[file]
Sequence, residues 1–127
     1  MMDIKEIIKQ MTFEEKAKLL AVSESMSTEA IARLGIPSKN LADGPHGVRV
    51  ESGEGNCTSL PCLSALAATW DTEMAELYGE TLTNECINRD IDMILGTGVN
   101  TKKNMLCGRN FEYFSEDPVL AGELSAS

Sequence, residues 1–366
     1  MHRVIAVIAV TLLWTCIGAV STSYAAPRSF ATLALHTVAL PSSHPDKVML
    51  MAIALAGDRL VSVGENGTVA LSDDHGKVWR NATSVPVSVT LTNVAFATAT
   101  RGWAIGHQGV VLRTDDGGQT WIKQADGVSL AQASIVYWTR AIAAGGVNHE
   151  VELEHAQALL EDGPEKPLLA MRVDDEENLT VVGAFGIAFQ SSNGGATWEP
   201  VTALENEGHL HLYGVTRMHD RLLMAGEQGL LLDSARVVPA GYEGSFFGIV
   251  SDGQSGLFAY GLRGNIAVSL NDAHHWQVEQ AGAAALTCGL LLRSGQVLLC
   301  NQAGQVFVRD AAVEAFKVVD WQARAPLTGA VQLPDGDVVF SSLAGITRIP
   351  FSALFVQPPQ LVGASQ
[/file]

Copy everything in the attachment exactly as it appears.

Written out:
Sequence, residues 1–127
     1  MMDIKEIIKQ MTFEEKAKLL AVSESMSTEA IARLGIPSKN LADGPHGVRV
    51  ESGEGNCTSL PCLSALAATW DTEMAELYGE TLTNECINRD IDMILGTGVN
   101  TKKNMLCGRN FEYFSEDPVL AGELSAS

Sequence, residues 1–366
     1  MHRVIAVIAV TLLWTCIGAV STSYAAPRSF ATLALHTVAL PSSHPDKVML
    51  MAIALAGDRL VSVGENGTVA LSDDHGKVWR NATSVPVSVT LTNVAFATAT
   101  RGWAIGHQGV VLRTDDGGQT WIKQADGVSL AQASIVYWTR AIAAGGVNHE
   151  VELEHAQALL EDGPEKPLLA MRVDDEENLT VVGAFGIAFQ SSNGGATWEP
   201  VTALENEGHL HLYGVTRMHD RLLMAGEQGL LLDSARVVPA GYEGSFFGIV
   251  SDGQSGLFAY GLRGNIAVSL NDAHHWQVEQ AGAAALTCGL LLRSGQVLLC
   301  NQAGQVFVRD AAVEAFKVVD WQARAPLTGA VQLPDGDVVF SSLAGITRIP
   351  FSALFVQPPQ LVGASQ